Alan Sugar is not a patient man. Nor does he suffer fools lightly. But the Amstrad founder, Apprentice boss, and recently appointed Lord, is without question one of the best-known entrepreneurs in the UK. With that title comes the privilege, and burden, of being a role model for young and aspiring business owners but Lord Sugar has proved time and again that he’s not interested in telling people want they want to hear. Candid, brutally honest, and often downright offensive - nobody can accuse this peer of not speaking his mind. While promoting his autobiography, What You See is What You Get, Sugar gave a talk at the Covent Garden Apple store and Startups went along to hear what he had to say. Here are a few pearls of wisdom from a man so fiery, he makes the Dragons look like pussy cats.
On whether entrepreneurs are born or made:
I try to explain to young people about entrepreneurial spirit. It’s something you either have or you don’t. You cannot become an entrepreneur, just like you cannot become a concert pianist. If you locked me in a room with a piano teacher for a year, I might be able to come out at the end of it and give you a quick rendition of Roll Out the Barrel. Would I ever be a concert pianist in the Royal Albert Hall? Not in a billion years. It’s not in me, I don’t have that talent. You cannot go into Boots and buy a bottle of entrepreneur juice. It’s either there or it’s not.
On his fiery boardroom reputation:
The boardroom scenes at the end of an episode of The Apprentice take about two and half hours to film which they squeeze down to 10 minutes on the show. In that period there’s quite a lot of joking and laughing but the producers decided in the first couple of series that they’d rather show the table banging. I’m not bothered by it personally, but I did get it in the ear from the wife and family over the way I’m portrayed.
On what he gets out of doing The Apprentice:
I’d spent a lot of time speaking at universities, schools and colleges all over the country and I try to encourage young people to be realistic and help them get into business by being frank and honest with them. Now every school in the country has some kind of apprentice-style initiative and it’s become part of the unofficial curriculum. The day it stops inspiring people is the day I’ll stop doing it.
On the ‘quality’ of The Apprentice contestants:
After the first series, I naively allowed the production people to go off the rails a bit and it started to get a bit too close to Big Brother. The candidates were there for the wrong reasons. At that point I put my foot down and said we needed to be more credible. Having said that, you’ve probably watched the last episode and might ask me how I can put up with such a load of braindeads! They’re not though.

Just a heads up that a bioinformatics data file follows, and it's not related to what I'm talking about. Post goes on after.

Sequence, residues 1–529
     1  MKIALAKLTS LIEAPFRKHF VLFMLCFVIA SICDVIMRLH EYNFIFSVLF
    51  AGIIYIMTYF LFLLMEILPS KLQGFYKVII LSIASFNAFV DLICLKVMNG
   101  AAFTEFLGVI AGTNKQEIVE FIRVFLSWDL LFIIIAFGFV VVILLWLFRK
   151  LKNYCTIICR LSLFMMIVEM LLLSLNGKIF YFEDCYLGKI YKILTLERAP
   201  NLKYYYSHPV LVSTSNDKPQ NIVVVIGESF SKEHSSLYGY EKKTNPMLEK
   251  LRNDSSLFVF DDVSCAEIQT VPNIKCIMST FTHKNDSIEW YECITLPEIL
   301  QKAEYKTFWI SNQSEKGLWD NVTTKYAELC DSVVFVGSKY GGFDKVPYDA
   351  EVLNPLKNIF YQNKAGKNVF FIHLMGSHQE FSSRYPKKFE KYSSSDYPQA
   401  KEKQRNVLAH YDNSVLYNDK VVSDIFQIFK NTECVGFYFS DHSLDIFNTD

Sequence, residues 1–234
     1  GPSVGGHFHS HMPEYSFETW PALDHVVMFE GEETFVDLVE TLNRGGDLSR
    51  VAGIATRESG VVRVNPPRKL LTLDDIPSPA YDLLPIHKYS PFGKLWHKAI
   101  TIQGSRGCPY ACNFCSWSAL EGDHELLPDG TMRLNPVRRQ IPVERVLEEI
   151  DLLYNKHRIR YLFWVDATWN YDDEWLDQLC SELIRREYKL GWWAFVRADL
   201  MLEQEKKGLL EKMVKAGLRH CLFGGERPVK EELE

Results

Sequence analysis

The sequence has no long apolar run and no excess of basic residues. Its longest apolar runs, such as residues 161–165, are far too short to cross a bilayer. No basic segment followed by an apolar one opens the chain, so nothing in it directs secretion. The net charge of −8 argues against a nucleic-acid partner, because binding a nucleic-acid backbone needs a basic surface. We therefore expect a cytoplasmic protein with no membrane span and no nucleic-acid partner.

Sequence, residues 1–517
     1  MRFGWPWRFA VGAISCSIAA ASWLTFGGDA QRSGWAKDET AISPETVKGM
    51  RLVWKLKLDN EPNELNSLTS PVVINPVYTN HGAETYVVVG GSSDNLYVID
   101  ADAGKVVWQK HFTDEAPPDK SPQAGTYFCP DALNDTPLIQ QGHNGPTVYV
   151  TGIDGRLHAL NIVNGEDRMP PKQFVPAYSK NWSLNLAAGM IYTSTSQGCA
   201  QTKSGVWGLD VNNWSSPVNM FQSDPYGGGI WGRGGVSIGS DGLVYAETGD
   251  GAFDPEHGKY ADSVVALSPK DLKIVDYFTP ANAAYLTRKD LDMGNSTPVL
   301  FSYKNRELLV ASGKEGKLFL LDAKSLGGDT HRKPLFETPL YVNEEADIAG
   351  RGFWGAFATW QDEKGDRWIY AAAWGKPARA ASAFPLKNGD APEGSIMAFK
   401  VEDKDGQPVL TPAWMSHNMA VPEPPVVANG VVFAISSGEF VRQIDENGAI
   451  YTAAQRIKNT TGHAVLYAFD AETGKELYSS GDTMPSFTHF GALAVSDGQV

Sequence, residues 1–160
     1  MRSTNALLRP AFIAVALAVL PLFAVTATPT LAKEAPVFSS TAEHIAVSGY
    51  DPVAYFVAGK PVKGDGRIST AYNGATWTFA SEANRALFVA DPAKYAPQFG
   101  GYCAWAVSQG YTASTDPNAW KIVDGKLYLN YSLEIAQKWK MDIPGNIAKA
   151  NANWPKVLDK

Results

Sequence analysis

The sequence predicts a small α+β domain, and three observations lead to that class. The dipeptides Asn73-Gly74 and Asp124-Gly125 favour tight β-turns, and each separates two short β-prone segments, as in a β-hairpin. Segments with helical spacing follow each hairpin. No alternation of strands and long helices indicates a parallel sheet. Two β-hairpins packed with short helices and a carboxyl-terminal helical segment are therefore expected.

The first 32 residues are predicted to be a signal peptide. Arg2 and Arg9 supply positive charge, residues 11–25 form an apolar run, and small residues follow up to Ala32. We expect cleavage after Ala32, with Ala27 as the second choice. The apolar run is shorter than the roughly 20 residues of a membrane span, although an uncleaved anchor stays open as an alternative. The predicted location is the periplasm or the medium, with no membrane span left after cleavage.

On aspirations of wealth:
Money doesn’t mean anything, I can promise you. Beyond physical money, my wealth is my family. Being wealthy was never what drove me, I just wanted to be self-sufficient. I was born into a very poor family and I didn’t want to struggle. I never had aspirations to make millions of pounds - things just got a bit out of hand.
There’s too much of this fast-track, make a quick buck, culture and it’s got to go. Some young people might think this is stupid but to take a job in the fish department at a Waitrose store, and over a period of time become an expert in this is a great career move. One day, just like Terry Leahy [Tesco CEO], you could become the boss.
On small business support:
Back in the sixties when I started, nobody was doing anything for anybody. No bank loans, no government schemes - you had to do it yourself. Don’t rely on the government or anyone else to do it for you because it won’t happen. There are no free lunches. I’m getting fed up with people moaning about banks or not being able to get this or that. You need to be able to start something from scratch.
On becoming a Lord:
I would have liked my parents to have been able to see it. We came from council flats in Hackney so to walk through the House of Lords with the title Lord Sugar of Clapton is something only I can understand. It was a great moment for me and my family.
When it comes to debating in the House, I speak on subjects I know about, so I’ve been involved in debates on small business. I tend not to jump up and down like a jack-in-the-box on subjects I know nothing about. But I’m the young boy in there. I’m the apprentice at the House of Lords.
On his number one business maxim:
I have a virtual baseball bat which I use to think about problems and smack them out of the way. I will logically work out a way to get through them. If you’ve got problems that can only be sorted out through admission of failure, then admit failure and get on with it. If you need to pour money into something, or give something up, then be realistic about it and move on. Don’t cry into your beer afterward.